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Kids’ behaviour online is terrible… but have you ever posted something on your local community page that people didn’t like?

Continuing the theme of talking through technology and young people, this post is poking at some of the issues we see with how we socialise through technology. As I said in a previous post, young people do not distinguish between the online and offline world, so when we talk about “chatting with your friends”, that to them means: in person, via text, sending photos, liking posts, gaming together.

There has long been a stereotype that young people’s conduct online can be pretty poor. But as the lead-in suggested, adults don’t always do it great either. Take the example of when I posted on my local community page that my partner’s car was broken into and to be careful. Someone asked if it was unlocked – it was. Cue a flood of comments that could best be described as hurtful, mean, arrogant and unnecessary. So as with all that I write about technology, let’s also make sure we model what we expect of our kids.

As to what you can be doing to support your kids socialising online:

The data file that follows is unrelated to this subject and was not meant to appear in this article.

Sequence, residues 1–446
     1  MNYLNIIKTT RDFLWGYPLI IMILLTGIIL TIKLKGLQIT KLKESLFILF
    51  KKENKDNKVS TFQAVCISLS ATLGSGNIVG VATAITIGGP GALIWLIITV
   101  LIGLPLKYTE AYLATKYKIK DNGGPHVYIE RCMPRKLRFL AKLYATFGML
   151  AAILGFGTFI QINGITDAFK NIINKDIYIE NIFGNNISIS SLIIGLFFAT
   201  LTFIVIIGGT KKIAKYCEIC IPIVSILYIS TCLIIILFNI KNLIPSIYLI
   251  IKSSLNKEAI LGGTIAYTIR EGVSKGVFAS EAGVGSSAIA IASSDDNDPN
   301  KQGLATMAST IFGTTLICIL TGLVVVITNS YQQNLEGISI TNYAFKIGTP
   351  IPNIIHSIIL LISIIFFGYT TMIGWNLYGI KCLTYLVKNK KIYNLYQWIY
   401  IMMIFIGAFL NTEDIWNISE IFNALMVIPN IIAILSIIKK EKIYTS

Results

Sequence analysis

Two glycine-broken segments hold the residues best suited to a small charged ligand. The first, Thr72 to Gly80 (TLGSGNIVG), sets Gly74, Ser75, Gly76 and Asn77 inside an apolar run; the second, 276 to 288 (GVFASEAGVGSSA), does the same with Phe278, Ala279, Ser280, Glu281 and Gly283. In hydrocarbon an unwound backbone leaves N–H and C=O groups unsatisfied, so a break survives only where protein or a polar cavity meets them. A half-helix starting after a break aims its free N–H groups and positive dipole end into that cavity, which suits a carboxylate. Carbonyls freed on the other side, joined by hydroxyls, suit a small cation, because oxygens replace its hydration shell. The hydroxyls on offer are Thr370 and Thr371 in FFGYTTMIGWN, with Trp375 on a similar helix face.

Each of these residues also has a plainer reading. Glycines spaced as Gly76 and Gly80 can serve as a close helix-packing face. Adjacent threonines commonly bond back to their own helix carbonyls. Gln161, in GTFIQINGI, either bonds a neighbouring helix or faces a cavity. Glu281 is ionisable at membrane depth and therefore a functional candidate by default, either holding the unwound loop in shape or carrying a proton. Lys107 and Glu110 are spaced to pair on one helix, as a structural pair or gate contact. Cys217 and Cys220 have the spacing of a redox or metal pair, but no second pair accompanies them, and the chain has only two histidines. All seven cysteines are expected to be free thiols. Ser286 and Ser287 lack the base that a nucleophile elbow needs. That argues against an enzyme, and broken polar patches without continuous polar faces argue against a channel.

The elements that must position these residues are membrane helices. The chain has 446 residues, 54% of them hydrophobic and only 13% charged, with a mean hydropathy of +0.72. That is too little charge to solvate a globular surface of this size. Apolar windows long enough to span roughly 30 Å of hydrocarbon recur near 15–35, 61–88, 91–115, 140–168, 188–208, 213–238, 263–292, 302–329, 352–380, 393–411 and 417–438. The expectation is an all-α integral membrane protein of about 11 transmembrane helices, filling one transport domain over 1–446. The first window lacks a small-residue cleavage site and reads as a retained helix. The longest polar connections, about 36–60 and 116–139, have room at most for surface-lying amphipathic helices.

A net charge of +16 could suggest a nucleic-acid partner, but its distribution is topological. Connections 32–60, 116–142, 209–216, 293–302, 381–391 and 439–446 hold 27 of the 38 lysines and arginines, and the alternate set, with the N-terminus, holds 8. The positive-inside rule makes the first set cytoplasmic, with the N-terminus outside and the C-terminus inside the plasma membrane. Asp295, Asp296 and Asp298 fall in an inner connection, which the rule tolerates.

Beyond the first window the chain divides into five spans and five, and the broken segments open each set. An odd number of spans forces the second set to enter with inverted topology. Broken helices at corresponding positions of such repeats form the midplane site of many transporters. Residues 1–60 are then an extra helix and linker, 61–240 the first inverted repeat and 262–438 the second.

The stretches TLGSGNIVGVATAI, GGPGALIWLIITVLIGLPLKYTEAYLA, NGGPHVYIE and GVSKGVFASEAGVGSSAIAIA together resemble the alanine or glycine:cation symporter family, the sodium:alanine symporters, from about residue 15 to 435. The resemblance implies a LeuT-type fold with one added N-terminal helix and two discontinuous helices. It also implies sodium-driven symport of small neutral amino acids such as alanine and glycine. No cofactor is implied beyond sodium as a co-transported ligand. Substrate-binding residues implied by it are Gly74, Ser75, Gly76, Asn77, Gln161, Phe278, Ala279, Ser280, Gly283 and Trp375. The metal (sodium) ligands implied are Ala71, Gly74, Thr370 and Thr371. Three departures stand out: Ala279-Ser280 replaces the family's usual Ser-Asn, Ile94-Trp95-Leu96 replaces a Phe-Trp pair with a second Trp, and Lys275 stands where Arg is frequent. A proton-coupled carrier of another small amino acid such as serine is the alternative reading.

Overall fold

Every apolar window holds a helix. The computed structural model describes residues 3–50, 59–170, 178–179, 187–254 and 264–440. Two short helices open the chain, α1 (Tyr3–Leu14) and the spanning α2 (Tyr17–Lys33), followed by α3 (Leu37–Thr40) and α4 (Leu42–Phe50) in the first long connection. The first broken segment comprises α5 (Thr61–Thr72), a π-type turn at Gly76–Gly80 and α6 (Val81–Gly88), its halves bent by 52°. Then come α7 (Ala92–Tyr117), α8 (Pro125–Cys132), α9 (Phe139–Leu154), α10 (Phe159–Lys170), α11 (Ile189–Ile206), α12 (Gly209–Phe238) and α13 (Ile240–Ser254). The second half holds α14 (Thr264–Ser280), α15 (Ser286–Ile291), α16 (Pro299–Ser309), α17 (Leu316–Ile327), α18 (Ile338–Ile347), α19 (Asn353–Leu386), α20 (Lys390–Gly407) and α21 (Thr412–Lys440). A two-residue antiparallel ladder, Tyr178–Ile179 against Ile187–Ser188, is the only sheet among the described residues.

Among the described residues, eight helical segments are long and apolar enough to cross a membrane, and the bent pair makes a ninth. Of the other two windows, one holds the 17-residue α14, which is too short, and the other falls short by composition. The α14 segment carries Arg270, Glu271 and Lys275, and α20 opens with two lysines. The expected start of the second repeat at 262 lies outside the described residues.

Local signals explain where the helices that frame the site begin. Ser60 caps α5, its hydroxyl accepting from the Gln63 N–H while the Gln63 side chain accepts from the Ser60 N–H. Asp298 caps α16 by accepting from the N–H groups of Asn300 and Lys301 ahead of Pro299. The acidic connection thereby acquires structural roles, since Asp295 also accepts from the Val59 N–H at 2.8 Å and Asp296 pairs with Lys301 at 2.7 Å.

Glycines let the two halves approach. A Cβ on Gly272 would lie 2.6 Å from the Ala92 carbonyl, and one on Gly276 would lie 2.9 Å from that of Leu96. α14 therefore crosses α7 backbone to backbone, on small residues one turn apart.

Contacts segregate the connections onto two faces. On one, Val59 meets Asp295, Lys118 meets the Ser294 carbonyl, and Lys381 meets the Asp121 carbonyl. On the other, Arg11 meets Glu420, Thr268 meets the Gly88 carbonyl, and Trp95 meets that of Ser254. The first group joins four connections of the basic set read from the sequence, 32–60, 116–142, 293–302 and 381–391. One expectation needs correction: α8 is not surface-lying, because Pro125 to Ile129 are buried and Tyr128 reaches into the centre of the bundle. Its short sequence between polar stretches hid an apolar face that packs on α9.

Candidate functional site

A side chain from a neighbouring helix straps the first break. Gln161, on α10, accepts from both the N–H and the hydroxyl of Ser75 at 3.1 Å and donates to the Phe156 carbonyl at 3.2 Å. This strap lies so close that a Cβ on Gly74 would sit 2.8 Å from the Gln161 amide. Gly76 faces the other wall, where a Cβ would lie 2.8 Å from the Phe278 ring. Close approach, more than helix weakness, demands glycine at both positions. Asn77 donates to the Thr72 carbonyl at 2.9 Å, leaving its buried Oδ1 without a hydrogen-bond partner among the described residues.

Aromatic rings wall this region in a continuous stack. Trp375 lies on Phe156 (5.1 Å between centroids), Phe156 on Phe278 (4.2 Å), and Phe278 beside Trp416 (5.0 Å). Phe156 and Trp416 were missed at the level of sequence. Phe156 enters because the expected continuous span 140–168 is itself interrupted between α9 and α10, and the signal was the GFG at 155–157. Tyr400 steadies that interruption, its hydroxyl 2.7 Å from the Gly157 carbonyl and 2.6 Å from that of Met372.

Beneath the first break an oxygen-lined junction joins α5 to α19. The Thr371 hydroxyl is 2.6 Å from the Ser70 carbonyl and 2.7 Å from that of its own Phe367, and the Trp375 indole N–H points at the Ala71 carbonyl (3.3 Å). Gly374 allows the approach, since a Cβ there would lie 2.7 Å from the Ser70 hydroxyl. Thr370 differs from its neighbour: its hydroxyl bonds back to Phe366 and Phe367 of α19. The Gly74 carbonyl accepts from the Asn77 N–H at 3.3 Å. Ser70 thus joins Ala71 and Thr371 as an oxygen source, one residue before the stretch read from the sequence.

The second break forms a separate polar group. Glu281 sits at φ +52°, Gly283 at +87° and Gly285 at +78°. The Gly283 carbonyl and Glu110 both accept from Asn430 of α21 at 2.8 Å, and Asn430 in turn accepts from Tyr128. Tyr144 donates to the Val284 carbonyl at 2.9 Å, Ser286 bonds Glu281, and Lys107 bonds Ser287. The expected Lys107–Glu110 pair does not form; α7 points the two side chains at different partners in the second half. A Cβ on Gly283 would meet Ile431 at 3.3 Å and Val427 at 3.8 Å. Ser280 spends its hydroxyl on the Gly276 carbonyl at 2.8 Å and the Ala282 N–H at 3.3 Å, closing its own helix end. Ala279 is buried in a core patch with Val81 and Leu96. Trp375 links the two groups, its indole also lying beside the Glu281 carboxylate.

– Accept that digital communication is important to your kids. Rather than disregarding the whole thing because it is problematic, help establish ways to manage the less ideal stuff and preserve the good

– Regularly and thoughtfully remind them about how they need to be mindful of how online communication is different and can be misinterpreted. One way I do this is to ask young people to read a message out to me. And then ask them why they used that voice and the fact that it could just as easily be read in a different voice (angry, sad, happy)

– Set appropriate boundaries re: when you are available to chat online and when it is time to switch off. A lot of teenagers really struggle with “missing” messages. One suggestion I often make is when messaging with friends, let them know you’re switching off for a few hours while you have dinner and do your homework

– Hold them accountable for inappropriate conduct online. This doesn’t mean public shaming or rubbing their face in it, but seeing the impact their digital words can have on someone can help to make the impact a reality

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At ConnectEd Counselling and Consultancy, we believe that all families, and the communities they belong to, benefit from a little extra care and support. Whether the problems are big or small, we want to make sure everyone has the chance to feel connected – to themselves, to others and to their community. We offer counselling services to young people and families and have immediate availability. If you need some support, get in touch here:

(Written by: Dr Matt O’Connor)

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